Overtime, I had begun to get weary of seeing myself as a lonesome cancer patient and seeing everything around me as cancer related – Tahitian Treat soda resembled the AC treatment, my white terry cloth robe reminded me of doctor visits, daytime television reminded me of being on medical leave from work. I started to slip in and out of depression. I needed to shift the way I saw life and myself.

As I was ready to give up, a dear friend slipped a picture of my kids in front of my moping head and tears soaked eyes.  Seeing the picture of my children gave me the will I could not find elsewhere to fight the disease. It was a reminder of times together; a vision of the future with them and how much we needed one another. The image of my children was what I needed to pick my spirits up. I started to see the beauty in everything again. I saw more green in the trees and more brightness in the sun. I saw bigger smiles in the face of my children and immediate family. I saw hope with each doctor visit. I saw more opportunities to enjoy being in the moment.

After awhile, I uncovered the mirrors and chose to see someone strong and brave; someone that was doing all that was necessary/possible so she could create more memories with her children; see more holidays with them; watch them graduate. I looked at each treatment and surgery as a step closer toward victory over the diagnosis.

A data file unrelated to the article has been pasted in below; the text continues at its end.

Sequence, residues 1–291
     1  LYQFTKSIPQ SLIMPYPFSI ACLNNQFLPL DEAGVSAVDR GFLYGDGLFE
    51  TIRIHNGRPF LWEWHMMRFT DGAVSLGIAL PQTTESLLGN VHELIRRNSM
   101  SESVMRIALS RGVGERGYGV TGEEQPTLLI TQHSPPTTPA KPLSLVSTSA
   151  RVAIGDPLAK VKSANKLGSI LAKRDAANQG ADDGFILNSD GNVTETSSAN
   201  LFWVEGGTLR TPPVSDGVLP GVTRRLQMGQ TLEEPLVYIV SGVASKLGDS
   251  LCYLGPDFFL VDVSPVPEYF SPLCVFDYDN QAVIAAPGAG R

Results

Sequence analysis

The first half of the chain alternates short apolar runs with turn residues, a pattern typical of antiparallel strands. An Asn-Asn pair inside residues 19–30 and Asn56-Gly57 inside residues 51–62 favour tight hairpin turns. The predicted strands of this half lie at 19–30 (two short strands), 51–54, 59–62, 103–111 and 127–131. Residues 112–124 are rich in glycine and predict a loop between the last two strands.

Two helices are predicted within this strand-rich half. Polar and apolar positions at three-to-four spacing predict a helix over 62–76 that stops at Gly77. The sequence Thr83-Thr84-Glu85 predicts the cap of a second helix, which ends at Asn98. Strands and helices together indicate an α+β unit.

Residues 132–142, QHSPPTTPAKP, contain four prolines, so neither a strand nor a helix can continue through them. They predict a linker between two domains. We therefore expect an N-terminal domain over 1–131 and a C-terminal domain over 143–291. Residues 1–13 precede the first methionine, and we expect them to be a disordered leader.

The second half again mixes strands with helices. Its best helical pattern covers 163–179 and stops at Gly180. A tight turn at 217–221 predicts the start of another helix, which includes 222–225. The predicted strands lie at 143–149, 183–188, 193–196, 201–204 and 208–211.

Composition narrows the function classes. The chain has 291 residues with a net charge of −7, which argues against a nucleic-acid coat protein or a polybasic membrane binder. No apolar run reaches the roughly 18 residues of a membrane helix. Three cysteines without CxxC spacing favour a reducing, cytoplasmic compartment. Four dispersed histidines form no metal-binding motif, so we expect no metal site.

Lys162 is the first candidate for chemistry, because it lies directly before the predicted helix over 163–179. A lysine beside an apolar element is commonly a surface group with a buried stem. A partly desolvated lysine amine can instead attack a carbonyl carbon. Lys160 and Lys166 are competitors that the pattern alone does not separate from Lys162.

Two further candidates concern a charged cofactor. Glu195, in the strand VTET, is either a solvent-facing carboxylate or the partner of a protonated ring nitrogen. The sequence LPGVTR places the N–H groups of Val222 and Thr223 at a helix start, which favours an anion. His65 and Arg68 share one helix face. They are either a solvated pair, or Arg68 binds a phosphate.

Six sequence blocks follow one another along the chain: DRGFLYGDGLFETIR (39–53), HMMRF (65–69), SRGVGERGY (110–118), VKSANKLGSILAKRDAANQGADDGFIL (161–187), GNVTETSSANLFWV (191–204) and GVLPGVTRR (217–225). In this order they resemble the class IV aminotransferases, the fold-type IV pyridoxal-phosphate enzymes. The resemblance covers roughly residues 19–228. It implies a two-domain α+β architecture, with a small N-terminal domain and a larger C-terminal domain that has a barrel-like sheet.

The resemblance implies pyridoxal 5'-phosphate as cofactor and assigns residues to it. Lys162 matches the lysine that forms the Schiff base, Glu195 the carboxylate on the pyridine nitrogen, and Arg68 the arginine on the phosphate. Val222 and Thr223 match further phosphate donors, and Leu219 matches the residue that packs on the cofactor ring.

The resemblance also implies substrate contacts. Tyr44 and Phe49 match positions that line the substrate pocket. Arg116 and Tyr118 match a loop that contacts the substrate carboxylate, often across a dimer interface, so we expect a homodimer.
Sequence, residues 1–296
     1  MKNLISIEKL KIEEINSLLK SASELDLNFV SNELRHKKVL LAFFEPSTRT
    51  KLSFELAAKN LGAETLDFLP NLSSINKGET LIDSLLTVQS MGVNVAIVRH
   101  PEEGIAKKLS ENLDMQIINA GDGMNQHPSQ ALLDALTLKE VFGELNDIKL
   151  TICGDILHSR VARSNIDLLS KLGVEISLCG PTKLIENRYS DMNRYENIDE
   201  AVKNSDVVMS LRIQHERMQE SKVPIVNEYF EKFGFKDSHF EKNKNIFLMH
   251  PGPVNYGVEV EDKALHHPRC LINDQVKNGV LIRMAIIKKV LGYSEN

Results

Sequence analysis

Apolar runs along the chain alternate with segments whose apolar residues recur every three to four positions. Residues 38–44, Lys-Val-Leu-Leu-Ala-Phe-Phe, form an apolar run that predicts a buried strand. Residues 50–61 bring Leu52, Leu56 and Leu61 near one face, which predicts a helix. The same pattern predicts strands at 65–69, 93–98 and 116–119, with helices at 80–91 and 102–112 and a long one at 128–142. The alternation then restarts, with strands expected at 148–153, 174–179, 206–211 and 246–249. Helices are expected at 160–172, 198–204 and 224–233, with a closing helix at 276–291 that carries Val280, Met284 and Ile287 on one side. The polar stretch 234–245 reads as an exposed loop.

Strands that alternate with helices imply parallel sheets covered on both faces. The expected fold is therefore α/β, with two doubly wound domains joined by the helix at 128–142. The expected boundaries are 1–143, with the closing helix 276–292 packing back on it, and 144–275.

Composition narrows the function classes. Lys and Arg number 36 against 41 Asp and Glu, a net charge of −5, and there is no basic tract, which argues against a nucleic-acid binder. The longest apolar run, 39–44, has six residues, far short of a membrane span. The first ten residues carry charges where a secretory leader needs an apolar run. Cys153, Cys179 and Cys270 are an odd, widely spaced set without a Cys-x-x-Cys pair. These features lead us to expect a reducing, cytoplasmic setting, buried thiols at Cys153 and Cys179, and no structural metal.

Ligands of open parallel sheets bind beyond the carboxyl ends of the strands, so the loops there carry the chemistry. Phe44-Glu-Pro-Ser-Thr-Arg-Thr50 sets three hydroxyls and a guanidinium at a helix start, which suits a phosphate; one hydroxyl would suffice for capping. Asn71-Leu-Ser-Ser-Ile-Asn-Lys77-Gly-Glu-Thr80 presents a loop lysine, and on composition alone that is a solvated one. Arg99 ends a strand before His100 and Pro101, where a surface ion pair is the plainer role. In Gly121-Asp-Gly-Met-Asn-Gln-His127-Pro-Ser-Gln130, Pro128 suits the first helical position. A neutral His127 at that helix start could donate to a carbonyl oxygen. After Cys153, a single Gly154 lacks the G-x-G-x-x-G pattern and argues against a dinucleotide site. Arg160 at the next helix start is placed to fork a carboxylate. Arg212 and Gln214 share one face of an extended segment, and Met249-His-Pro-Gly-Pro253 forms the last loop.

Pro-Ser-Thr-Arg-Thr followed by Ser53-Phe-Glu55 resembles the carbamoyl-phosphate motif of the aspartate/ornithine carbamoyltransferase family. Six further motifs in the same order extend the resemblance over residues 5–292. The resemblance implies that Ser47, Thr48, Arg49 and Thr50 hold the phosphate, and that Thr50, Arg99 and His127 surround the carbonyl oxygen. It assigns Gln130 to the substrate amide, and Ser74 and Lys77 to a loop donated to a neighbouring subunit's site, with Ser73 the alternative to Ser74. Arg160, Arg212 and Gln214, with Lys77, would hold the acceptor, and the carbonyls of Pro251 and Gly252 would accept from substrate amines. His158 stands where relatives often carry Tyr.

Fewer were the moments where I saw myself as a cancer patient and more moments where I saw myself as a survivor. When I see the photos that I took at the Fashion Bug shoot, I see myself. She is healthy. She is laughing. She has a different vision that was heightened through her breast cancer diagnosis. She is me. 


I want to see that other survivors and their loved ones will have the impetus to redirect energies of distress and get through a season of cancer with hope and in good spirits, just as I managed to do.


Throughout Breast Cancer Awareness Month, Fashion Bug stores will donate 100 percent of proceeds from the sale of an Inspirational Screen Tee to support our educational resource Guide for the Newly Diagnosed and LBBC’s Survivors’ Helpline, a personalized matching service that connects women in similar circumstances in a confidential setting.

You can order online or find a store nearest to you!

Traveling: A simple pleasure

September 7, 2011

This entry was written by Sarita Jordan, an LBBC Helpline volunteer:

Since I was diagnosed and treated for breast cancer in 2005, I have thankfully recovered. But I credit my recovery to my rejuvenated approach to living beyond my diagnosis.